On The Lighter Side

Are Mini “Teacup Cattle” the Answer to Sustainable Meat?

The connection between beef and climate change is already well documented. And while some may tout grass-fed cattle as a partial solution to cattle-related greenhouse gas emissions, there’s no doubt that the laws of entropy, combined with the inevitable methane emissions from ruminants, make truly sustainable meat rearing a tricky issue indeed. But here’s a somewhat surreal idea I’d never thought about before?if cows are such a big problem, why don’t we just make them smaller?

Richard Gradwohl with a miniature Holstein called Paula Sue Photo Credit: The Guardian

The idea is not as weird as it sounds. Christine has already explored the concept of Bonzai cattle as a spin-off benefit of shrinking people. And she’s not alone. According to the Guardian, many US farmers are ditching large cattle in favor of smaller, more sustainable breeds. In many ways it’s a reversal of a trend that’s been going on for decades, with farmers breeding ever larger, hungrier cows. But, says the Guardian, smaller cows, and we do mean smaller? some, known as “teacup cattle” are only 36 inches tall?are becoming increasingly popular. Not only do they need less land to range on, but they produce more meat with less feed too:

“Since the 1940s, US farmers have been breeding cows for size, making them much larger than their British cousins. But with Gradwohl’s farm being swallowed up by rising taxes, he had to give up 60 acres of land. He discovered that it is possible to raise 10 miniature cows on five acres, rather than just two full-sized cows, meaning that land could yield up to three times as much beef – but the cows only need one third of the feed.”

I guess bigger is not always better.

Ocean Acidification Changing Fishes’ Sense of Smell, Predators’ Scent Becomes Irresistible

As the ocean absorbs more of the carbon dioxide we’re pumping into the atmosphere, its chemistry changes and it is becoming much more acidic. This ocean acidification is causing problems from blea-ching coral reefs to altering the make-up crustacean’s shells. But for the first time, scientists are finding that it is also playing havoc with fishes’ sense of smell. More acidic oceans is making it harder for fish to smell when predators are nearby,making them more likely to end up as prey.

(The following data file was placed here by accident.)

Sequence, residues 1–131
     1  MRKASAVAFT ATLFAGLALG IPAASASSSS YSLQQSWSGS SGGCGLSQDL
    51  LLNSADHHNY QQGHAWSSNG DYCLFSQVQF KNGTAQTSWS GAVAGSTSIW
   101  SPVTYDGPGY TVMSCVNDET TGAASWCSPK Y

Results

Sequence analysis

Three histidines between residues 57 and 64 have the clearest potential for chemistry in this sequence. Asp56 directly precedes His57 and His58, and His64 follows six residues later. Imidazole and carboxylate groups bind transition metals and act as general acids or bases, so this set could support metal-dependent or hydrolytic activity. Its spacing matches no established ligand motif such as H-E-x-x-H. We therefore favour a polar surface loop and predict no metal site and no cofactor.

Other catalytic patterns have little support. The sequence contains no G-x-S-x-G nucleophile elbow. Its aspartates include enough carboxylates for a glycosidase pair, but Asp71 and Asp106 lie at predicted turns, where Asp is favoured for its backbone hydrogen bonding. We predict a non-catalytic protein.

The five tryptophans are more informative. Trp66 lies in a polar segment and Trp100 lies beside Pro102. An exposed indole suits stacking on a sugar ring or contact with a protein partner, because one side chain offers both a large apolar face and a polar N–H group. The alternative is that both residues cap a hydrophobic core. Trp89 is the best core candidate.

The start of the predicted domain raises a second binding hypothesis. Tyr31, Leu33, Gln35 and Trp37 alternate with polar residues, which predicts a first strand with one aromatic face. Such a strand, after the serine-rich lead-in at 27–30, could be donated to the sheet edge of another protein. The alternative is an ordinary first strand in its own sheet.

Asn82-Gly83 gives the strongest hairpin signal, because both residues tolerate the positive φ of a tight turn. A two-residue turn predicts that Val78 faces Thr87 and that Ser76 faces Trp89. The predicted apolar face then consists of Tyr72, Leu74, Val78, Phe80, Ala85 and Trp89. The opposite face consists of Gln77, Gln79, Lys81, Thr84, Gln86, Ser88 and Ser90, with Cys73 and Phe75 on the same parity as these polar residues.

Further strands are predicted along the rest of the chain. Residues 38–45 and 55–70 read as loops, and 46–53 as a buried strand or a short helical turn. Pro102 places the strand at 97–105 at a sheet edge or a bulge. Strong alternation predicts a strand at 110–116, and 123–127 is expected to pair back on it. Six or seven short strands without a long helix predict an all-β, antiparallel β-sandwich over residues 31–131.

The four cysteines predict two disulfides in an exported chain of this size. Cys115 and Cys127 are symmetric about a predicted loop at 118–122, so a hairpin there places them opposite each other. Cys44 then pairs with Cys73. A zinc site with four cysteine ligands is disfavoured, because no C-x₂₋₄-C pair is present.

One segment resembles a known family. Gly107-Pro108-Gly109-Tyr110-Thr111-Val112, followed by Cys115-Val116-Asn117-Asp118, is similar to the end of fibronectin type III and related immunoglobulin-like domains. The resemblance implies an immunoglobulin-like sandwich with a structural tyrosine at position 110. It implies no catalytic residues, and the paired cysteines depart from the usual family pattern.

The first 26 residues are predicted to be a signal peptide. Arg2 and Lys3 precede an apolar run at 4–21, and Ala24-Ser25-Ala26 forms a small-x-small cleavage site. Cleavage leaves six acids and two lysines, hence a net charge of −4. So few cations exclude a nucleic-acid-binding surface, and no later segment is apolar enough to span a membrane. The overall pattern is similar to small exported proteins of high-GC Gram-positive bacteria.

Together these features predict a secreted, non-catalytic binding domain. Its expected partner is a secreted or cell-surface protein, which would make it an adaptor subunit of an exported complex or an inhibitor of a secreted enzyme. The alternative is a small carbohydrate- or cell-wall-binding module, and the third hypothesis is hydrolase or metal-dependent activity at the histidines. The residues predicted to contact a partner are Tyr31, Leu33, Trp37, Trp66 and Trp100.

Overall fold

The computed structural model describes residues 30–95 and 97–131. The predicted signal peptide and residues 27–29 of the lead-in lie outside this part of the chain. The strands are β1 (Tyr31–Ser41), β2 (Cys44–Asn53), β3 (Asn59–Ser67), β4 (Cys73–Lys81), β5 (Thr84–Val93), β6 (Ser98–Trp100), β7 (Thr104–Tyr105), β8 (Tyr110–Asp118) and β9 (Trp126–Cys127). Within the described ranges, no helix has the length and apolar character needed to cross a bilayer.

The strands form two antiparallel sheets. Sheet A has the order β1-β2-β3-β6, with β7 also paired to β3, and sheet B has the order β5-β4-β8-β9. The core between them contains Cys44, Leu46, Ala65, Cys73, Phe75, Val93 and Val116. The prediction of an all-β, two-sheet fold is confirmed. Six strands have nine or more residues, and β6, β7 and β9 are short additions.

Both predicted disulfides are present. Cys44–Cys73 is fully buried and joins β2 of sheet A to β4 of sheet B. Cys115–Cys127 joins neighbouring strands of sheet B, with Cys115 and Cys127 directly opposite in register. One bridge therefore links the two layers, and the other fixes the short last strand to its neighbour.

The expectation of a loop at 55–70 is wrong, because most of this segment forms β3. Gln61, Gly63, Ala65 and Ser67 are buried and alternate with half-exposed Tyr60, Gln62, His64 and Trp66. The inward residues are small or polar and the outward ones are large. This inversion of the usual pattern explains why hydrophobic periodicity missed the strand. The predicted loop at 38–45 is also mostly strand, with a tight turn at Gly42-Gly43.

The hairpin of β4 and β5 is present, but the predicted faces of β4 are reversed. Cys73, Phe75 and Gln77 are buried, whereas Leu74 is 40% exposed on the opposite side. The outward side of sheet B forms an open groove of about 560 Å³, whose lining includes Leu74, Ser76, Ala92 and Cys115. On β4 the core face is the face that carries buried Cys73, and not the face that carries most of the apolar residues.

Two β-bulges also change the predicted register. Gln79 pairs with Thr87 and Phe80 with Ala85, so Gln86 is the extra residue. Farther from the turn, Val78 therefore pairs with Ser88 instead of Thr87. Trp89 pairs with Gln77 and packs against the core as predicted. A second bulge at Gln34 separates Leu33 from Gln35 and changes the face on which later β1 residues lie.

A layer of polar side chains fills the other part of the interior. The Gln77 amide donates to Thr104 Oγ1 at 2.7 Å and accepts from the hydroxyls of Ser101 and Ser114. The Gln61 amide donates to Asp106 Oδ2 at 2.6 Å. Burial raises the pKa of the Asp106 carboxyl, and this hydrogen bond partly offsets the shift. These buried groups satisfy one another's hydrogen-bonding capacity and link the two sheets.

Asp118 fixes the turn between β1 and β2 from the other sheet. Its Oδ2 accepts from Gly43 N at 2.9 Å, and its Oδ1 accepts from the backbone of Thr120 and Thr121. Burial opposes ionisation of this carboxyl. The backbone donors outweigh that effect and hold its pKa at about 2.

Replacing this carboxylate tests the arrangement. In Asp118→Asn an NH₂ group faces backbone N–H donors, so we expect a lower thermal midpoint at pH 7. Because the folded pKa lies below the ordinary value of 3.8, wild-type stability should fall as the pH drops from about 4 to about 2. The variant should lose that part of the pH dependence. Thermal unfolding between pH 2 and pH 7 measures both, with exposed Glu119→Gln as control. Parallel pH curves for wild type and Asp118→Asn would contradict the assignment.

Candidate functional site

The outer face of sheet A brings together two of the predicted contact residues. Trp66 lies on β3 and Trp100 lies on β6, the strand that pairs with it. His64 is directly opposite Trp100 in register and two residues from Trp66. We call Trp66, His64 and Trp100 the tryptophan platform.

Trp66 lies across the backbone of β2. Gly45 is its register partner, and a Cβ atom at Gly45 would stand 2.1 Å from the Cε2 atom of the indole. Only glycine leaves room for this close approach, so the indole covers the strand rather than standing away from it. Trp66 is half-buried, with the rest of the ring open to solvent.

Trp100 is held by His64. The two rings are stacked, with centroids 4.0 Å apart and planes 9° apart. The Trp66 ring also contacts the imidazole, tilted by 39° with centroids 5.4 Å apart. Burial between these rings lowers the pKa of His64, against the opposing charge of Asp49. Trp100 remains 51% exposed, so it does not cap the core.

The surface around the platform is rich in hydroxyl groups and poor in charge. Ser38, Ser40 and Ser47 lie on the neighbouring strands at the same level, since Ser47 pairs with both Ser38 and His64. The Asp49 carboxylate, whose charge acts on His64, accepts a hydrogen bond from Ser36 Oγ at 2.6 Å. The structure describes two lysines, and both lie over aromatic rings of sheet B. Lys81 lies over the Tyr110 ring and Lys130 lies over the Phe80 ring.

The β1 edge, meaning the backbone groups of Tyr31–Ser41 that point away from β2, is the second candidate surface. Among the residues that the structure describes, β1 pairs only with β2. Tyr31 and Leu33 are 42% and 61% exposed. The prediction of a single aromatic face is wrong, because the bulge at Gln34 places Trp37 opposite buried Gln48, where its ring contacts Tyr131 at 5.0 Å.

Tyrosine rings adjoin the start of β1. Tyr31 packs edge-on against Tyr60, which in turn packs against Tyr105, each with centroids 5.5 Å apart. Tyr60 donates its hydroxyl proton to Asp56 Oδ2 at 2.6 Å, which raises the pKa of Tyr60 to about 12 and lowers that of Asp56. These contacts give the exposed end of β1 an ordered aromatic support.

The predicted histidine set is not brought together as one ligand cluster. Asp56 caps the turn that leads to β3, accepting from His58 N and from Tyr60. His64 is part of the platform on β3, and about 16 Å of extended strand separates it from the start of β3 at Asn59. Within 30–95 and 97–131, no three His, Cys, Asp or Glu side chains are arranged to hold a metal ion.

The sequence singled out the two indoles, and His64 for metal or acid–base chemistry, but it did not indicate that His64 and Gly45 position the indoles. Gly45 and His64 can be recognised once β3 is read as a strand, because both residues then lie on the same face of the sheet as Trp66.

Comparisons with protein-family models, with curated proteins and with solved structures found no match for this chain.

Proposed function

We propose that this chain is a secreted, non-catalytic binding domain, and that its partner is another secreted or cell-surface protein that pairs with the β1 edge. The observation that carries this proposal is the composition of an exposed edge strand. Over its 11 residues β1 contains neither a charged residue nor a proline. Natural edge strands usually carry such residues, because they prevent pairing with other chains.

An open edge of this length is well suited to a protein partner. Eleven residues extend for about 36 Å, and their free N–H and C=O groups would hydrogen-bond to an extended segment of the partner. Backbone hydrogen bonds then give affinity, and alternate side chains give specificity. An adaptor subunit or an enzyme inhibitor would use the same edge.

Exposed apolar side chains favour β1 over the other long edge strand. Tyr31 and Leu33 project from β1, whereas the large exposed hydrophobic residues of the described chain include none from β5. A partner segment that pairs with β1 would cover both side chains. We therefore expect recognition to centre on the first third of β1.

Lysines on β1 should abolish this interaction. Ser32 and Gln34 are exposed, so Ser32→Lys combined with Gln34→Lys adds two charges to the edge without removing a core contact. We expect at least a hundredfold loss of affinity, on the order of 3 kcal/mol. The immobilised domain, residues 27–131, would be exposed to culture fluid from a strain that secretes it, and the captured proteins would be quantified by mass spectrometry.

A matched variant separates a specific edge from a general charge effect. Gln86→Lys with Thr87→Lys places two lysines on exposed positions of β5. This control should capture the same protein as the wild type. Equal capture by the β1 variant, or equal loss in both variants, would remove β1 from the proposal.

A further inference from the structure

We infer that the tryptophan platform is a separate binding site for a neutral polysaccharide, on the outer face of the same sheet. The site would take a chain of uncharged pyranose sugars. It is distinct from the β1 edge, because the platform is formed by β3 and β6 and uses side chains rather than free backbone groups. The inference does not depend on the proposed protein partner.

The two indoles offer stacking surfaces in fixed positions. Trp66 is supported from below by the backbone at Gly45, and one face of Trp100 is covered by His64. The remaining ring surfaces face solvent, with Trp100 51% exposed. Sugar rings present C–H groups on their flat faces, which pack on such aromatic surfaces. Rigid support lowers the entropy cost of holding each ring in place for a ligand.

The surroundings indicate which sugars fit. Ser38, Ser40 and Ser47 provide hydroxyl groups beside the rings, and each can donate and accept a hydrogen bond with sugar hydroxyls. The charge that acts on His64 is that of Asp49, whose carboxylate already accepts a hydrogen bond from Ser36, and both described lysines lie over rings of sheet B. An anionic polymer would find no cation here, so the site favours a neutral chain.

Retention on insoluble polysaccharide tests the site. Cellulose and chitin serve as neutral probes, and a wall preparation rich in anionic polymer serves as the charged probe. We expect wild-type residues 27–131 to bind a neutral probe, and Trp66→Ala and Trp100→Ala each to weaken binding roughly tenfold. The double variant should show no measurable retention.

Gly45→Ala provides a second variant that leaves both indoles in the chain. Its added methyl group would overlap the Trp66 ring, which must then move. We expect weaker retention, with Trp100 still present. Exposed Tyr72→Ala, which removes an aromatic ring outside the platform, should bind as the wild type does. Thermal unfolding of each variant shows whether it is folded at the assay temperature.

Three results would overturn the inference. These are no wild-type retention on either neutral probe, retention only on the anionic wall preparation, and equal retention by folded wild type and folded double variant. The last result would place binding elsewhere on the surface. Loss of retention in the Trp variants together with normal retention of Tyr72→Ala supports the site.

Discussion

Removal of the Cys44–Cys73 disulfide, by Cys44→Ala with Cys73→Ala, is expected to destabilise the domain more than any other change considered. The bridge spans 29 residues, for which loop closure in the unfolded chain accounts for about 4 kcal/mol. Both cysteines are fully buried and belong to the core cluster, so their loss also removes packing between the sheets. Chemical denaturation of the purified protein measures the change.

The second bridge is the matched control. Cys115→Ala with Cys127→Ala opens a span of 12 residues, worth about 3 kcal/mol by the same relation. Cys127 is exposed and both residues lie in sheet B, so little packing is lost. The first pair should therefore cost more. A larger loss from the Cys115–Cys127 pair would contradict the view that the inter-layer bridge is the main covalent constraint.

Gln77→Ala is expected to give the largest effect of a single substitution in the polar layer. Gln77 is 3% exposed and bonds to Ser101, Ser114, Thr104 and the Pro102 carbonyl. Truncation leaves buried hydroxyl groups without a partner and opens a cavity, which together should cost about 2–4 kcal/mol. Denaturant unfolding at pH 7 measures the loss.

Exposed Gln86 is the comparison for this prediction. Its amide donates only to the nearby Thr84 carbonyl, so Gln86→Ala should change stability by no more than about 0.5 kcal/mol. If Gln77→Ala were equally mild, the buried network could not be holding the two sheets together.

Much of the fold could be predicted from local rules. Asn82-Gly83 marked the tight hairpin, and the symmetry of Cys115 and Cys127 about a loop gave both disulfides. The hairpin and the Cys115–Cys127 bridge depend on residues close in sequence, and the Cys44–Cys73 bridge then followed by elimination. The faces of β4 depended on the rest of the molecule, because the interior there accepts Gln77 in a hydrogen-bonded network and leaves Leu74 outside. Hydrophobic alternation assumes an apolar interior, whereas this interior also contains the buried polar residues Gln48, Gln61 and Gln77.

According to the Telegraph, marine biologists have found that fish growing up in water with high levels of CO2 are not only unable to smell predators, but are sometimes even attracted to their scent. The younger fish tend to take greater risks like swimming farther from shelter, and biologists worry that fish populations could further decline as oceans become more acidic.

To test their findings, researchers looked specifically at clown fish and damselfish larvae in a lab. After just a few days living in water with heightened CO2 levels, the fish had marked changes in their ability to smell and when given the choice of two flow chambers — one with and one without the scent of predators — the fish larvae spent 93% of their time in the flow with the predator’s scent. Fish that were not exposed to acidic water avoided the flow that carried the scent of predators.

Photo via National Marine Sanctuaries

What’s worse, when the fish were released, those that were raised in the acidic water had mortality rates between five and nine times higher than fish raised in normal water. Though the exact reason why the heightened CO2 changes a fish’s ability to detect predators or causes them to be attracted to their smell, the riskier behavior exhibited could mean various fish species will struggle to survive as oceans acidify.

Shared by TreeHugger, an online media outlet dedicated to driving sustainability mainstream

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